Lynchburg’s Civil War POW Camp

Disa Woodland, Copy Desk Editor~

In the past several decades there has been a reinvigoration of the study of the Civil War and a time of remembrance for those lives lost. The curiosity has increased as more documents are being found that would answer questions that are several generations old, such as what happened to the young man who went off to fight in the Civil War?

Dr. Clifton Potter, professor of history at Lynchburg College, aims to answer that question for the Union soldiers that were confined to the prisoner of war camp set up in Lynchburg, Virginia. The camp was set up at the old Lynchburg fairgrounds which were often home to animals; therefore, there were enclosures for these animals and some form of shelter as well. The fairgrounds are now home to E.C. Glass High School.

Potter has been conducting research into the lives and deaths of soldiers at the Lynchburg POW camp for about 10 years now. He has read through and sorted numerous memoirs and regimental histories in an effort to locate the last resting place of many of the Union soldiers who never made it home from the POW camp.  His efforts have brought closure to many families, as he has begun piecing together the lives of those who found themselves prisoners of war in Lynchburg from the opening of the camp in April 1862 until its closure in April 1865.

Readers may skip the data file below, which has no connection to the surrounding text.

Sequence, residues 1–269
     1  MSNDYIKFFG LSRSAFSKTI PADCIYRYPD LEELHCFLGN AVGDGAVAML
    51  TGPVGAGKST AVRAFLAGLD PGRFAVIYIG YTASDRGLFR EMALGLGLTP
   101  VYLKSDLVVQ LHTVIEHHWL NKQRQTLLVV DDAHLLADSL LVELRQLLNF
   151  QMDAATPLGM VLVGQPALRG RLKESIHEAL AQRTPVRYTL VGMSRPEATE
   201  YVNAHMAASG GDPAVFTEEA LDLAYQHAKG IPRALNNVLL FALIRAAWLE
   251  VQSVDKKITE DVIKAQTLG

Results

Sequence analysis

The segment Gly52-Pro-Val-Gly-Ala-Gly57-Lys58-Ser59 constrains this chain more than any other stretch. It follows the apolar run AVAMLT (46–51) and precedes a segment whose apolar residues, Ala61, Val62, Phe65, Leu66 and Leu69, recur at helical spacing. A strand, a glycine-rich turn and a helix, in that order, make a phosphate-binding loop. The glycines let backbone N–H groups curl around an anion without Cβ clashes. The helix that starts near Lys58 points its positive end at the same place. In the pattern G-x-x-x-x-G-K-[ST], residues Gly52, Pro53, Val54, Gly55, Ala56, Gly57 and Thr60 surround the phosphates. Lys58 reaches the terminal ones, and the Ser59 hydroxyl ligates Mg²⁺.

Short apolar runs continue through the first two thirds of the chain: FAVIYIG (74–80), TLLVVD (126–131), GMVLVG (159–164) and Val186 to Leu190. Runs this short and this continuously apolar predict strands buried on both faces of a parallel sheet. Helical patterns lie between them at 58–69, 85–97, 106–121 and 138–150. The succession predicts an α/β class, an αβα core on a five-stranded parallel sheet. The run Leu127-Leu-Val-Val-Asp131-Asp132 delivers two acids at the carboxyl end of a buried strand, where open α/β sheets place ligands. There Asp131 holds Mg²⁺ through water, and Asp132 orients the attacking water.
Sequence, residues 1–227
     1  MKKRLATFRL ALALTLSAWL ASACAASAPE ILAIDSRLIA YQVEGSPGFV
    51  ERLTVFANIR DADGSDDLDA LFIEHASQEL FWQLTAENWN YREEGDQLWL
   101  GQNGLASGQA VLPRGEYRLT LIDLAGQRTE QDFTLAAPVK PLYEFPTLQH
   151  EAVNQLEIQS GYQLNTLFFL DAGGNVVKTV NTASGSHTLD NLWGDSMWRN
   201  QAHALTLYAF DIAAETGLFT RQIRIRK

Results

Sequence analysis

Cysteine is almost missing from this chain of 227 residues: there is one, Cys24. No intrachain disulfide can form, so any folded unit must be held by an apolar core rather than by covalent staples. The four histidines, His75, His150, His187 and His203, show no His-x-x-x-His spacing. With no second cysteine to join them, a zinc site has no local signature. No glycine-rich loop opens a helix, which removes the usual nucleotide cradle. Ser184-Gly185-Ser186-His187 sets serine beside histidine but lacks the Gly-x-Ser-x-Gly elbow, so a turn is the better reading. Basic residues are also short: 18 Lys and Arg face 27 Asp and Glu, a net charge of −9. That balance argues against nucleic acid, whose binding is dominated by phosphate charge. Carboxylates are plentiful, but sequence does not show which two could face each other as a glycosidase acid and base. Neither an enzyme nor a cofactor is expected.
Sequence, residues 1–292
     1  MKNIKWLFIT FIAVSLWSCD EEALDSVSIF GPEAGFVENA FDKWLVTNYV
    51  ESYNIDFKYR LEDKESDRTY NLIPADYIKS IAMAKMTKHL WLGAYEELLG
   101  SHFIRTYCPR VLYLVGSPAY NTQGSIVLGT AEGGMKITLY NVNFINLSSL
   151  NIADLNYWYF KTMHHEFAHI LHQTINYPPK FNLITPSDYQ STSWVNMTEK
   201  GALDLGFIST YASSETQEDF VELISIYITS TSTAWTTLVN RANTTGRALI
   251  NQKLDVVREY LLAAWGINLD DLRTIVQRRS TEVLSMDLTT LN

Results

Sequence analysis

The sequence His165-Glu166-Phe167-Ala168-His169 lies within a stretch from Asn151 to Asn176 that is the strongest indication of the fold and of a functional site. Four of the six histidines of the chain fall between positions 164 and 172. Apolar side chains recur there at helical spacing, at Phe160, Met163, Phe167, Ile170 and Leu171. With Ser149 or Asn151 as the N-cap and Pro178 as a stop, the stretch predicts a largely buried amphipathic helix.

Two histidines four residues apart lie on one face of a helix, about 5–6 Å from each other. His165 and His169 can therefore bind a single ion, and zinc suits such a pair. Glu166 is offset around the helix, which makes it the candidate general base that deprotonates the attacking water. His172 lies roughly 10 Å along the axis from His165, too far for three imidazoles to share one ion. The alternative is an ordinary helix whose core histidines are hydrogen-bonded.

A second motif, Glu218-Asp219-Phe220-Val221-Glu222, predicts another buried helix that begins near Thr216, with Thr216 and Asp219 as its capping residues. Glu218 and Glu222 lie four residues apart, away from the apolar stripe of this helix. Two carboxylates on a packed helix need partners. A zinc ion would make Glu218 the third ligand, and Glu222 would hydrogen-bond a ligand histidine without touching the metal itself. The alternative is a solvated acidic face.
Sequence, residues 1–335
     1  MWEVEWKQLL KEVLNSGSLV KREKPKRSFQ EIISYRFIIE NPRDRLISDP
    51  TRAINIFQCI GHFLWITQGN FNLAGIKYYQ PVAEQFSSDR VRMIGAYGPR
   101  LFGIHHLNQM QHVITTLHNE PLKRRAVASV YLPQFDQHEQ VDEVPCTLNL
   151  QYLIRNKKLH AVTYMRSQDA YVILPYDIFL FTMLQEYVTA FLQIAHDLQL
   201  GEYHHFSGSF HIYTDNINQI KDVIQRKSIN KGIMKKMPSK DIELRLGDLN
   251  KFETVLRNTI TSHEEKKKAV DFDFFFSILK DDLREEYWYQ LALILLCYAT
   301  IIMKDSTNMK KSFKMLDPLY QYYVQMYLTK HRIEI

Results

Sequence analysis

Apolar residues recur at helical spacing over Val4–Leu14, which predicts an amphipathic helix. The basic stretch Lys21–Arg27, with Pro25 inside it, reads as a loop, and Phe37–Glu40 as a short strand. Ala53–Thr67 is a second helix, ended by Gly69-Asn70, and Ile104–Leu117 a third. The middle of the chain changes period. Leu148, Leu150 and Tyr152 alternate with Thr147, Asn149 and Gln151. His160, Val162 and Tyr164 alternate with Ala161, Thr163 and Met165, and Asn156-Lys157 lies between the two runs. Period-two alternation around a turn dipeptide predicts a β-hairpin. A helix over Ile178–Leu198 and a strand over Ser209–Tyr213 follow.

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Sandusky Marker for Wounded Union Troops. Photo retrieved from

All of the soldiers who died in Lynchburg during the Civil War were buried by the W.D. Diuguid funeral home. Established in 1820 as the main mortuary in Lynchburg, Diuguid’s kept records of every soldier buried and where their body was interred. Some soldiers’ families were able to have them sent home after the war, but many were not, and they can be found in the Old City Cemetery.

Potter has found that the conditions within the Lynchburg POW camp were nearly glamorous in comparison to other POW camps like Fort Sumter in Andersonville, Georgia. There were only two soldiers shot by the guards at Lynchburg compared to the 12, 912 soldiers that died in Andersonville. Unlike Andersonville, there were sources of freshwater near the camp which helped to stave off disease and dehydration. The prisoners stayed in tents and while there were not any hospital facilities initially, by August of 1862 the sick and wounded soldiers from both sides were being treated and triaged in Crumpton’s tobacco warehouse which became a hospital, relative in location to Lynchburg General Hospital.

Those wishing to find possible locations of relatives from the civil war can use the website which uses U.S. census data to locate soldiers’ names and whereabouts before the war.